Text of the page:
Special Issue "Massive MIMO Systems for 5G and beyond Networks: Latest Advances and Prospects"
A special issue of Applied Sciences (ISSN 2076-3417). This special issue belongs to the section "Electrical, Electronics and Communications Engineering".
Deadline for manuscript submissions: closed (15 September 2022) | Viewed by 13659
2. Department of Engineering and Computer Sciences, Autonoma University of Lisbon, 1150-293 Lisboa, Portugal
Interests: cellular communications; 6G and beyond; massive-MIMO; millimeter-wave communications; block transmission techniques; NOMA, LIS & RIS systems
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Transmission techniques, such as massive multiple-input multiple-output (MIMO), non-orthogonal multiple access (NOMA), block transmission techniques, or millimeter-wave communications (mm-Wave) are expected to be a crucial part of 5G (Fifth Generation) systems and beyond. Similar techniques are being adopted by IEEE 802.11 standards, such as in 802.11ad, where orthogonal frequency-division multiple access (OFDMA), mm-Wave, and massive MIMO (m-MIMO) is utilized. However, mm-Wave transmissions have significant problems, such as high free-space path losses, very small diffraction effects, huge losses due to obstacles and implementation difficulties, namely with power amplification. On the other hand, small wavelengths mean that we can have small antennas and small-sized antenna aggregates with a large number of elements, facilitating the deployment of m-MIMO schemes. The use of multiple antennas at both the transmitter and receiver aims to improve performance or to increase the symbol rate of systems, but it usually requires higher implementation complexity. m-MIMO schemes involving several tens or even hundreds of antenna elements are central technologies of 5G systems, where higher capacity and spectral efficiency are required, as compared to previous systems, but where low complexity is an important issue. Due to the existence of millions of devices, spectrum is becoming a scarce resource. NOMA is an alternative multiple access technique, which tends to present better spectral efficiency and cell capacity, but clustering is still a limitation, and coordination between users (coordinated NOMA) makes it more effective.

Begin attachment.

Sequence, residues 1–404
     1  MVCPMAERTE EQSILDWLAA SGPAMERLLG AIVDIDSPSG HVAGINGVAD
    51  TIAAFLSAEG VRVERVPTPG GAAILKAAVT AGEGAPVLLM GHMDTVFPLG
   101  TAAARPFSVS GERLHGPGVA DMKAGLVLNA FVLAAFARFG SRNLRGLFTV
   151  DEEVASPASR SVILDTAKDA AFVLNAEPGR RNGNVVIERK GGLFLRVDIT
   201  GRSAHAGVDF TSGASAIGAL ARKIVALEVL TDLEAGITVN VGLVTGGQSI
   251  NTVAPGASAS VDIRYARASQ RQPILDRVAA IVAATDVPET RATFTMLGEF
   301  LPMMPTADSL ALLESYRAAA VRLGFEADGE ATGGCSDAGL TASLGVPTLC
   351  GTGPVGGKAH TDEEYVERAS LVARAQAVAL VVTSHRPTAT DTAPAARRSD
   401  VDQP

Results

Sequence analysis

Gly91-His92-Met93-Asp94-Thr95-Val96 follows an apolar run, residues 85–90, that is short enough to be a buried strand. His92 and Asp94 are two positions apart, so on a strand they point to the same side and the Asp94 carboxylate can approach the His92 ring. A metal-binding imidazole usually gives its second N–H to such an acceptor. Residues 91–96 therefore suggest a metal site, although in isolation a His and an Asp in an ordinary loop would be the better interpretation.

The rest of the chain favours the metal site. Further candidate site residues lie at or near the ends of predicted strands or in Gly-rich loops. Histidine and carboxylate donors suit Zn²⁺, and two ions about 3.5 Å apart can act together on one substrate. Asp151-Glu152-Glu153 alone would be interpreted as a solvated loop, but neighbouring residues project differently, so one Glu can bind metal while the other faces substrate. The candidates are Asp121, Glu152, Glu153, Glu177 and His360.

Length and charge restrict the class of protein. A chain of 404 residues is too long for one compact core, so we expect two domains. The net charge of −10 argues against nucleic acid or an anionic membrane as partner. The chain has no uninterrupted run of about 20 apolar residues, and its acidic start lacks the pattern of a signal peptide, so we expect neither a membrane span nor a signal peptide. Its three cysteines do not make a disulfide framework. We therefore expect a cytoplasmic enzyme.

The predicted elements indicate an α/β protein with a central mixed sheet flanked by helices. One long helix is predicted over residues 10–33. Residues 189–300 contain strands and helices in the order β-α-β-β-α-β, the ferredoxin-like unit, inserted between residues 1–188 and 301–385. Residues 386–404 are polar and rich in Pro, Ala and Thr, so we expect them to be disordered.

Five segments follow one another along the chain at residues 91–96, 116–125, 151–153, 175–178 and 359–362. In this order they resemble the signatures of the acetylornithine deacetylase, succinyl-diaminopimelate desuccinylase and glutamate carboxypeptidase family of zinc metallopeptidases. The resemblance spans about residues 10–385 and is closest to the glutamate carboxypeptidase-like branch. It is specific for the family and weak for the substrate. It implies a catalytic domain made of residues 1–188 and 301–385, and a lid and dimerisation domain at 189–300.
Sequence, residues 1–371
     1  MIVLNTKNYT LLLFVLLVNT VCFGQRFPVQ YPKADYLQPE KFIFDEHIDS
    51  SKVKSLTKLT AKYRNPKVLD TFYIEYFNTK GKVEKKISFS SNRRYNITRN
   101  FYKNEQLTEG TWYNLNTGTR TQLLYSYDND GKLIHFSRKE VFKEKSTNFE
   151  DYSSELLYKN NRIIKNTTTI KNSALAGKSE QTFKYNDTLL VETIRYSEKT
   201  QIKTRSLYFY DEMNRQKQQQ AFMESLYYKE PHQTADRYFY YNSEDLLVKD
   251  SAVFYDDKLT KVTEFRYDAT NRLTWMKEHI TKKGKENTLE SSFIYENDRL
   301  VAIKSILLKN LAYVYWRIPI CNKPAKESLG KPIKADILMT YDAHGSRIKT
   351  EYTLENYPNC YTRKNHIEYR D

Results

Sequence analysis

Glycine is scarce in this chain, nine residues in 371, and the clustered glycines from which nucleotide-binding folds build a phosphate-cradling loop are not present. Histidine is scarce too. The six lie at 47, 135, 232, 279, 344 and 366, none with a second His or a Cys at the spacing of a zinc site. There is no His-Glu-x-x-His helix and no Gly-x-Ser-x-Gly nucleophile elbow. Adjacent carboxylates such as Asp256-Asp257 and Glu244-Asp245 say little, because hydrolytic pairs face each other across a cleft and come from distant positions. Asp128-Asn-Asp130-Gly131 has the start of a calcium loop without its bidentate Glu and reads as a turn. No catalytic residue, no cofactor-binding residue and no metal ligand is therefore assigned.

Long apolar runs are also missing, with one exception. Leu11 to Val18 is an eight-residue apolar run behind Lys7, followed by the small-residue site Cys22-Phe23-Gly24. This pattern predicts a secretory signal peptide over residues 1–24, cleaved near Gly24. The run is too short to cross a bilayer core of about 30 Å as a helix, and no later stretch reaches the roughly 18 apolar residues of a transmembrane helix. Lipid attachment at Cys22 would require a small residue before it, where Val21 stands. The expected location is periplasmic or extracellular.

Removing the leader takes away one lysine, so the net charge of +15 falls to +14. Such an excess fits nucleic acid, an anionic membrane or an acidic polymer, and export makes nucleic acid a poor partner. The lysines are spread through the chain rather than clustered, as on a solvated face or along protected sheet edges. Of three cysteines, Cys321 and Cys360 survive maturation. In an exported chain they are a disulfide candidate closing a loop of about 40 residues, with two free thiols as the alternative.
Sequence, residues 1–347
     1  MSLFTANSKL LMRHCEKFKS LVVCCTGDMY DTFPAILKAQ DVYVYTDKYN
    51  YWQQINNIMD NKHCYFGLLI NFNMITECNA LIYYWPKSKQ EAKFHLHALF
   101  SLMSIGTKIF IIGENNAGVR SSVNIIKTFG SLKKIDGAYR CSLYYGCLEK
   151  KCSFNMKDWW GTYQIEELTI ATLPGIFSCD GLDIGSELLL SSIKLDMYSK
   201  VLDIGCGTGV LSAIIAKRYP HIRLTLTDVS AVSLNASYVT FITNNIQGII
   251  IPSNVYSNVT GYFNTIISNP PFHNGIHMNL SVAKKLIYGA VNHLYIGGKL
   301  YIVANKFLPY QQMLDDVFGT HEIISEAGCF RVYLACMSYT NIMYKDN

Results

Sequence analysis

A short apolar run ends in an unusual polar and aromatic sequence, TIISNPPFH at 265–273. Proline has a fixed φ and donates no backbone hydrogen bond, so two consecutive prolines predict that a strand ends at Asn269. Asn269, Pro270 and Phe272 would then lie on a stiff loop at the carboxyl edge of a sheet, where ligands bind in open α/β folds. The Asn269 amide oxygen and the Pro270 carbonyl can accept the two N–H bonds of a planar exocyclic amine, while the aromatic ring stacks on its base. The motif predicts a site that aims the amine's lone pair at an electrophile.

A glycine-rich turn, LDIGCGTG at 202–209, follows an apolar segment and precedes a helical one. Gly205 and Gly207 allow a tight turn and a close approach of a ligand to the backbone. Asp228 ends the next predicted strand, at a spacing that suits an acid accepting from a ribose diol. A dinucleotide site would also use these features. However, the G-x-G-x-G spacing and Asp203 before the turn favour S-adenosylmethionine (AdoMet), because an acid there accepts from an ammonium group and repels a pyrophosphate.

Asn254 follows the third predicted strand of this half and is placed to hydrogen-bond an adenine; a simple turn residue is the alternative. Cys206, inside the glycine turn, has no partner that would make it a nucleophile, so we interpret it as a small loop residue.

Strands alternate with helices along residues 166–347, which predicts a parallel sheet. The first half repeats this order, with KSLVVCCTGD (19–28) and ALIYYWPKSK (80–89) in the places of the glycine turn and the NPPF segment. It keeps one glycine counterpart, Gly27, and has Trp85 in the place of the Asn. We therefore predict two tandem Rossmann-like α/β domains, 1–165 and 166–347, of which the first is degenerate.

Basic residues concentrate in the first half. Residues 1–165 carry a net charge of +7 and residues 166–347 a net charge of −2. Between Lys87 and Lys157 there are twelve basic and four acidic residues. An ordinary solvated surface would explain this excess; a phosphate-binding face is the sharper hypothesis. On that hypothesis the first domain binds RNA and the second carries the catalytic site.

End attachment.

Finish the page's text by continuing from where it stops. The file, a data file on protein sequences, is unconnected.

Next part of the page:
While 5G requirements are achieved based on mm-Wave and m-MIMO, 6G must incorporate new concepts and frequency bands not yet considered for cellular communications. This includes Visible Light Communications (VLC) and Terahertz bands (100 GHz – 10 THz), enabling data rates in the order of 1 Tbps (nomadic) or 1 Gbps (mobile), with improved energy and spectral efficiencies. VLC is a mature communication technique well suited for short range coverage, though susceptible to interferences, such as from the sun. On the other hand, flying vehicles, such as drones, alongside with a communications paradigm based on heterogenous networks (conventional cells, Vehicle-to-Everything communications [V2X], IoT, drones, balloons, satellites, etc.), will require a three-dimensional (3D) network architecture, with 3D coverage, instead of 2-dimensional, as considered by 5G. Mobility speeds of up to 1000 km/h are also expected to be a requirement of 6G.
This Special Issue aims to provide an overview of 5G communications and beyond, including the perspectives for 6G communications, in terms of network, services, and requirements, while describing advances in transmission techniques foreseen for future updates of 5G. All new ideas about how to improve performance, capacity, and/or spectrum efficiency of transmission techniques for 5G and beyond, while keeping computational cost at an acceptable level are most welcome. Contributions to this Special Issue should provide an overview of how the proposed transmission techniques bring added value to the advances of cellular communications, in terms of performance and/or advanced requirements.
Prof. Dr. Mario Marques Da Silva
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- 5G and beyond
- massive MIMO
- millimeter-wave communications
- block transmission techniques
- non-orthogonal multiple access
- 6G Communications
- visible light communications and terahertz bands